S. TRAVEL :: Miles of Green – Phabulous Philly



William Penn imagined a clean, green country town that was easy to get around and founded Philadelphia in 1852.  As the second largest city on the east coast, the City of Brotherly Love features miles of beautiful green space. Mr. Penn would be proud.

What I love most about Philly is its history, culture, and miles of green space.  There is so much to explore, you won’t even know where to begin—there is no way to cover everything in one visit.

To help you narrow it down, I’ve compiled a list of where you should stay, dine, and play as a guide to this beautiful city.

Where to Stay: Kimpton Hotel Monaco

Located in Philadelphia’s Historic District, this sophisticated hotel took over the City Office Building of Lafayette, circa 1906, and is kitty-corner to Philadelphia’s famous historical landmarks, The Liberty Bell and Independence Hall. You’ll also find near by serenity with The Secret Gardens of Independence Park, beautiful garden spaces hidden within 55 acres that make up Independence National Historical Park, created in 1948.

Sign up for Kimpton Karma rewards: free WiFi, credit towards the mini bar, exclusive nights, and more.

Hotel Monaco

Hotel Monaco (Image Credit: Hotel Monaco)

Where to Eat:

Talula’s Garden: This rustic space offers tranquil outdoor patio dining with twinkling lights or an indoor space with a quote by Alice Waters that reads, A garden brings life and beauty to the table, and that is exactly right, Alice. Fresh, fresh, fresh!

24 Restaurant: This Italian gives 24 two thumbs up! Owner and Iron Chef, Jose Garces, specializes in wood-grilled Italian fare. Eat delicious Italian food and enjoy the stunning view of the Schuylkill River.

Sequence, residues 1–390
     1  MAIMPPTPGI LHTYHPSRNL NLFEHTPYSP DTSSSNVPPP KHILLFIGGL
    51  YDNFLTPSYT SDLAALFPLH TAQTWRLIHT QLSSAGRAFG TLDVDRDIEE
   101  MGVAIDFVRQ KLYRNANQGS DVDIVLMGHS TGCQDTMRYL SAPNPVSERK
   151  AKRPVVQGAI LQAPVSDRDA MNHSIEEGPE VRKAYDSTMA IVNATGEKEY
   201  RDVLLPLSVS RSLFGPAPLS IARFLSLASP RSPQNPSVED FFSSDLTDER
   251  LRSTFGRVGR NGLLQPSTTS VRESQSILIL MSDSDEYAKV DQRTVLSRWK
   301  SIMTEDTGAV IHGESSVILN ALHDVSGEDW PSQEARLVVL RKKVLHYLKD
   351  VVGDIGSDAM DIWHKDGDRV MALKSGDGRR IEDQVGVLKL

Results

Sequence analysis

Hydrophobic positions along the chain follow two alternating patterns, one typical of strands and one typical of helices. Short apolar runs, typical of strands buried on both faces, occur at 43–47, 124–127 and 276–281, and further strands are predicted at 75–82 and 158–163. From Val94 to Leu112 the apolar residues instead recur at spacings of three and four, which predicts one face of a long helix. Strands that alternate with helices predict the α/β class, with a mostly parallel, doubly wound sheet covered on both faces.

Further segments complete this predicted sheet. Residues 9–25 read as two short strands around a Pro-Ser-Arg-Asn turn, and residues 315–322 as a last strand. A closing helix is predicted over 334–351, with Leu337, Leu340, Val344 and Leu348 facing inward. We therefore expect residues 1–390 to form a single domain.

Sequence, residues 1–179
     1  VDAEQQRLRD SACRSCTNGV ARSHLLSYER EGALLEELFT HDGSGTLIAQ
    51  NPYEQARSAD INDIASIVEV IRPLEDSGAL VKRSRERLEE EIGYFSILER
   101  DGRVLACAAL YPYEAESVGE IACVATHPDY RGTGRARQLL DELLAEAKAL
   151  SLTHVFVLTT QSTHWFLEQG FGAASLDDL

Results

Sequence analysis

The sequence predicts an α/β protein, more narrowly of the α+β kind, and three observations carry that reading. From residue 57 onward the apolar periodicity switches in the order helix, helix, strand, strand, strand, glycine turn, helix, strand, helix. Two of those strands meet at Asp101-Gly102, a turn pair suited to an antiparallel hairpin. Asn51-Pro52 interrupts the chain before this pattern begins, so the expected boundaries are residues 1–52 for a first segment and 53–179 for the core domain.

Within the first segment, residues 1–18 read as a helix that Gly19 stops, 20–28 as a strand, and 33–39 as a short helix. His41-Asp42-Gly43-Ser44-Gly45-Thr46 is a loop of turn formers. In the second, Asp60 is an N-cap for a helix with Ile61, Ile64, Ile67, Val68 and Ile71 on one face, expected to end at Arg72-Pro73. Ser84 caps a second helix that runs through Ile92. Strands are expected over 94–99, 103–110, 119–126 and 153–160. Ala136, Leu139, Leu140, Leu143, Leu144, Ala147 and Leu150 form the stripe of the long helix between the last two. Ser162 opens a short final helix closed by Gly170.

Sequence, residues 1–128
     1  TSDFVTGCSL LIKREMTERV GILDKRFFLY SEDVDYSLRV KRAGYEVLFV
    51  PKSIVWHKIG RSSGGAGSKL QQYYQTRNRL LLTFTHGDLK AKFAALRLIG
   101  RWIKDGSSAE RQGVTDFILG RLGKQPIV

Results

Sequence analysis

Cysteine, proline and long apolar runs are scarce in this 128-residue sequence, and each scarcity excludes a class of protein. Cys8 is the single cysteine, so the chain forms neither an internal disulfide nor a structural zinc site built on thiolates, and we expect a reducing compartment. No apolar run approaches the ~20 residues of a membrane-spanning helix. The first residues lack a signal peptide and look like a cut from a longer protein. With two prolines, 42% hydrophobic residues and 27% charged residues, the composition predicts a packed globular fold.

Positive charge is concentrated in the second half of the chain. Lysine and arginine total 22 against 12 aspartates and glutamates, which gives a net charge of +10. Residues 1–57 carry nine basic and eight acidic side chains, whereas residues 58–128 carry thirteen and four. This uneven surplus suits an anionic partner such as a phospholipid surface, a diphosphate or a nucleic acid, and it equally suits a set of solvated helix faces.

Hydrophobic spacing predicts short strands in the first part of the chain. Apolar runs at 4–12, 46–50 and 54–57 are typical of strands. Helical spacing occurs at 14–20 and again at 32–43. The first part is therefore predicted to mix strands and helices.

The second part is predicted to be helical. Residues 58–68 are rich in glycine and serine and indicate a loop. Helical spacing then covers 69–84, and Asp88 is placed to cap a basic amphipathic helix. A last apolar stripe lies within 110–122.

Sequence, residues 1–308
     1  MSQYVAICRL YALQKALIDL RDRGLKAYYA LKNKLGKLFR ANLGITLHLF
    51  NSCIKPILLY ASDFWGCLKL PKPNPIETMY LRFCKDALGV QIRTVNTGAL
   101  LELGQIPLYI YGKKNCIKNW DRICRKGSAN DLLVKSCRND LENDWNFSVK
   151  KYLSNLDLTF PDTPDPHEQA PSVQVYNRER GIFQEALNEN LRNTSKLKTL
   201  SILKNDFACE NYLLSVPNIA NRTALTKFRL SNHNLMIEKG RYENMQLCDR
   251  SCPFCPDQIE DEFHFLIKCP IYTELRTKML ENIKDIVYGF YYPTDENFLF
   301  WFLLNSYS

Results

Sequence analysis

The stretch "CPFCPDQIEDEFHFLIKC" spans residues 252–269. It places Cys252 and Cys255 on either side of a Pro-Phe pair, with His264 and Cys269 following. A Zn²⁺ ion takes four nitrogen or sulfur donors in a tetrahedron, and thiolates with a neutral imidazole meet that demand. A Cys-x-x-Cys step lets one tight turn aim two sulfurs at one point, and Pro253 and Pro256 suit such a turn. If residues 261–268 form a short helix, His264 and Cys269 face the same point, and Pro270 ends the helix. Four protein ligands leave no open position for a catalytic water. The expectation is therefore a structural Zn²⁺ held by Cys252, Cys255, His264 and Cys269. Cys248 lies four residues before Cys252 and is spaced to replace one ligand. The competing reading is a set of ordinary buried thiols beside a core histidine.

Schuykill River: Image by S. Travel

Han Dynasty University City: CNN named Han Dynasty one of the Top 50 Chinese restaurants in the United States.  Located in Philly’s Upper West Side, you’ll find everything from spicy Szechuan dishes to authentic noodles and dumplings in chili oil.

Terrain and Styer’s Garden Café: Located 45 minutes from Philly, Styer’s Garden takes the concept of garden store meets fresh dining. This chic greenhouse eatery brings together the best of local flavours.

Reading Terminal: The oldest indoor farmers market in the US. The incredible Reading (pronounced “redding”) Terminal Market opened in 1893 and is still going strong – over 100,000 Philadelphians and visitors pass through the terminal every week! Cool Fact: You know the game Monopoly? Well next time you play pay attention to Reading Railroad. That’s where it was named after the town of Reading in Philadelphia.

Reading is where I popped my Philadelphia Cheesesteak cherry with a traditional cheesesteak from Spataro’s (huge line up, so you know it’s good) with sharp provolone and sautéed onions, mmmmm!

Cool Fact: Reading Railroad in Monopoly was named after the town of Reading in Philadelphia.


What to See and Do:

City Hall: Philly’s massive and impressive municipal government structure by city planner William Penn.

Liberty Bell  & Independence Hall: Pick up your free tickets at the Independence Visitors Centre and then explore these two historic landmarks. The US Constitution was adopted in Independence Hall, and right across the street is the iconic Liberty Bell, a symbol for freedom-seekers.


Philadelphia City Hall: Image by S. Travel

Fun Fact: There is tax-free shopping in Philadelphia! But something they do tax is soda fountain drinks to deter people from drinking soda. It’s called a sugar tax.

The Must See:

The Rocky Steps lead up to the Philadelphia Museum of Art.  Run up the steps like Rocky to see the spectacular views from the top. To the right of the steps is the iconic Rocky Statue used in the Rocky III movie. Once filming was completed, Stallone donated it to the city.